Horses React Then “Think”

When something startles a group of horses, or even one horse, you’ll notice they whirl away from it, run like the dickens for a bit, then stop and turn to look at whatever scared them — blowing and snorting like crazy. That’s an innate characteristic of the horse. In the wild, the entire herd takes off (stampede!). Or course the slowest, oldest, most feeble member will most likely be the one eaten by the lion. They all stop to see if the threat is still coming, or if the lion (or paper bag) has decided to give up the chase, the herd goes back to eating.

Horses possess the “fight or flight” response. Their first reaction is to flee from the horse-eating booger. If they can’t get away, they will turn and try to fight it off. They won’t typically put themselves into situations where they don’t feel they can get away. This can challenge your horsemanship skills if you really do want him to go into a small metal cave on wheels!

I honestly don’t understand why ANY horse gets into a horse trailer a second time. They have to trust us immensely. Not only is it a dark cave-like enclosure, but just ride in the back one time and see how noisy, unsteady and scary it is. krider horsemanship

This is why when your horse spooks, normally they will take off by either spinning away from the evil tree stump that jumped out at them, or jump out from under you to run forward if you aren’t paying attention. Some horses do “spook in place”, but these are typically horses that trust their riders a little more already.

Horses Use Body Language to Communicate

One of the most amazing things to study in your horsemanship journey is horse body language and how they communicate with each other without ever making a noise. From mares with newborn foals to an entire herd. They all speak the same “language”. They use expressions, postures, pressure (physical and perceived), and also mimic each other. And when you learn this “language”, it so so much fun playing with your horse. Until you see it in action, it’s hard to believe a small little human can influence a horse just by the way they are standing, where they are looking, and the gestures they make.

This is why, contrary to what most “normal” horse people believe, you do not need to speak to your horse to get him to obey a command. They don’t actually understand “human” talking. In fact, I’ve seen it become more of a hindrance to communicating than a help. Horses aren’t looking for praise (like a dog — “good boy”), and you can’t reason with him by explaining the situation. I’ve found it’s best to keep quiet and act like another horse. They understand that just fine.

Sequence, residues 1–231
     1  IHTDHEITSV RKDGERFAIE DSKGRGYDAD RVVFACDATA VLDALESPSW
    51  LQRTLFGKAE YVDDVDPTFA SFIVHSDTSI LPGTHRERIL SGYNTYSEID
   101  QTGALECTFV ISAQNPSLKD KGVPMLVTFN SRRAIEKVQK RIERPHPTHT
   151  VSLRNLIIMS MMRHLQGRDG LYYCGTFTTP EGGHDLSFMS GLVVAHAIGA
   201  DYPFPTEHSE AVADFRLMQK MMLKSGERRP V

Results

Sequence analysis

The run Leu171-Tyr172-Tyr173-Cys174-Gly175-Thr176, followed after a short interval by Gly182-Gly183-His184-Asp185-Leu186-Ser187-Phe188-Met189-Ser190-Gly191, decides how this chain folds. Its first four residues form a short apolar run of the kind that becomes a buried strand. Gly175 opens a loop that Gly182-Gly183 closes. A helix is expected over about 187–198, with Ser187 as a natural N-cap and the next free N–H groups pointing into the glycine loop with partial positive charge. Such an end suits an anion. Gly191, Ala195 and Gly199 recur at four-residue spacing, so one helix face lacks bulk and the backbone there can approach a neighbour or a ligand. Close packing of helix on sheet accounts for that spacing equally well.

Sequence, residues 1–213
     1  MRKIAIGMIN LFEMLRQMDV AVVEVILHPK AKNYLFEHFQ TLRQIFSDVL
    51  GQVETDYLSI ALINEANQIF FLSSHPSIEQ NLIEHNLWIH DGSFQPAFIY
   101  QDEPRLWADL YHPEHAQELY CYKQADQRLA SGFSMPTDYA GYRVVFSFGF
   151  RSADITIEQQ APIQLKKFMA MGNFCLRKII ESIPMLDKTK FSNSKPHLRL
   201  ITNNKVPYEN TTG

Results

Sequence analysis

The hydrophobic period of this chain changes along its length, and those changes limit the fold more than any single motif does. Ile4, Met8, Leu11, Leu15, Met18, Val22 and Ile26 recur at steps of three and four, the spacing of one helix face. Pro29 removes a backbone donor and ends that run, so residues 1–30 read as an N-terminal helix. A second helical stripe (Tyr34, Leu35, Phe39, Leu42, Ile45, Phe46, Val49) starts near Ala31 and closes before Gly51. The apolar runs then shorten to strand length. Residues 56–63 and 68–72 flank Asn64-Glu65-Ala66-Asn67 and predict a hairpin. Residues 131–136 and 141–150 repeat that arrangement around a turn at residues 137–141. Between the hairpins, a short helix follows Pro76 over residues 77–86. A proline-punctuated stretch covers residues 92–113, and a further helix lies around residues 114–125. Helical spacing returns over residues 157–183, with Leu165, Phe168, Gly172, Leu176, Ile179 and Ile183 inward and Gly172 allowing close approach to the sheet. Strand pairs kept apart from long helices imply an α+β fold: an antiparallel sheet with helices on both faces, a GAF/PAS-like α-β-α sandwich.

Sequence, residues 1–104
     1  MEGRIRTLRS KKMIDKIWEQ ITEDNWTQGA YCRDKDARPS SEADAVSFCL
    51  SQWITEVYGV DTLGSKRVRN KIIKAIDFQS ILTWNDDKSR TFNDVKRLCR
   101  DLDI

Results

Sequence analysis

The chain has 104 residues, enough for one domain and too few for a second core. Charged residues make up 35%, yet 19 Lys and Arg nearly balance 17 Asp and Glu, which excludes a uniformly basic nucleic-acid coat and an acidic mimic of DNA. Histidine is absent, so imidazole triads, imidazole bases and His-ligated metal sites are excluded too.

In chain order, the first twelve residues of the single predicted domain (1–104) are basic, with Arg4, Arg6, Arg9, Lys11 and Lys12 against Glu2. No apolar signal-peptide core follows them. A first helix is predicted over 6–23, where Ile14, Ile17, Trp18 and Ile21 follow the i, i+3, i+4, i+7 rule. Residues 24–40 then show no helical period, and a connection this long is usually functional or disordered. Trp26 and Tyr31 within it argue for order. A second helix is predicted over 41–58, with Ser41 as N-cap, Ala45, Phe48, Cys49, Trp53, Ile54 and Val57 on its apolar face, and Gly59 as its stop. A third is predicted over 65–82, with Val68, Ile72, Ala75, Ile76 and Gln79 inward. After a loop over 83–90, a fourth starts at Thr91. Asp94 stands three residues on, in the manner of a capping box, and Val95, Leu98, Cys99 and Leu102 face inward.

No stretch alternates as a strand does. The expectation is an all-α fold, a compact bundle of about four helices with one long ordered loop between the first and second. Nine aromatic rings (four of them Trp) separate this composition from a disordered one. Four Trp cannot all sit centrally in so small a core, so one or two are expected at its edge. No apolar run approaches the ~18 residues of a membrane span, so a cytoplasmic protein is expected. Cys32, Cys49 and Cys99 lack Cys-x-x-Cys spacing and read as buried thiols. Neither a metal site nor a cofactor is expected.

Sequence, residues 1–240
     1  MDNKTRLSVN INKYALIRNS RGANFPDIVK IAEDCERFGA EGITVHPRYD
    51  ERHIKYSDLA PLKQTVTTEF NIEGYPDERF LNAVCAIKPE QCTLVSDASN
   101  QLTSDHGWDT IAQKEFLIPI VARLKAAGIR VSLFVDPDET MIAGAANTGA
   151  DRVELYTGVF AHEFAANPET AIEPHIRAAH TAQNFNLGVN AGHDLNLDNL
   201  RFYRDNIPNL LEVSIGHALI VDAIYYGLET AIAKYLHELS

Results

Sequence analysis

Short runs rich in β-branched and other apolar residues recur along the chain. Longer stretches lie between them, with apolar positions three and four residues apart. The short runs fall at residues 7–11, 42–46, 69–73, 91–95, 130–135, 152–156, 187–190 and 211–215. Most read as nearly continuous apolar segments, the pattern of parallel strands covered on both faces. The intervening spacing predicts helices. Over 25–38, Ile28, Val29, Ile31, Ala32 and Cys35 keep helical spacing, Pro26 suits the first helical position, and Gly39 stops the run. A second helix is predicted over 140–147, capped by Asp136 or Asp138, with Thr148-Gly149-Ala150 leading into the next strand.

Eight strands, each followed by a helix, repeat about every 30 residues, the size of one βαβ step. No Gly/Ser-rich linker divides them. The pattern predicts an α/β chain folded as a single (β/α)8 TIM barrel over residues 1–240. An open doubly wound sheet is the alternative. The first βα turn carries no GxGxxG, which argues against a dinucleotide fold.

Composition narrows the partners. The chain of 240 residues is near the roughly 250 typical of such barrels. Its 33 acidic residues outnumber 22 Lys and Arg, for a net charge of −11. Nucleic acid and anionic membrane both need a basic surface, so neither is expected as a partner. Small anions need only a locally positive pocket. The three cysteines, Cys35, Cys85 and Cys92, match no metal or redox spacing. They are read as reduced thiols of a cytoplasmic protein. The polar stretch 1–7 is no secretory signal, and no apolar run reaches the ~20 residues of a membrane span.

We try to anthropomorphize horses by attributing human characteristic to them. It just doesn’t work that way. You want to get through to him — speak horse.

How This Helps Our Horsemanship

Now that you know how a horse thinks, reacts and perceives the world around him, you can learn to use these natural instincts and characteristics to “reason” with your horse in terms he understands. Don’t fight nature and try to force him to do something that goes against millions of years of evolution. When you want to ask your horse to do something — or get him to stop doing something — cause that thing to be the easiest thing in the world for him. By looking at it from your horse’s perspective, it becomes easy to figure out why he’s doing it, and what to do to change that behavior.

I hope you found this helpful. In future posts, we’ll be digging into how to use this horsemanship knowledge to accomplish the tasks we want with our horses. It will be much more fun and less stressful also.

Check out this list of behaviors that can be overcome by using these basic characteristics HERE.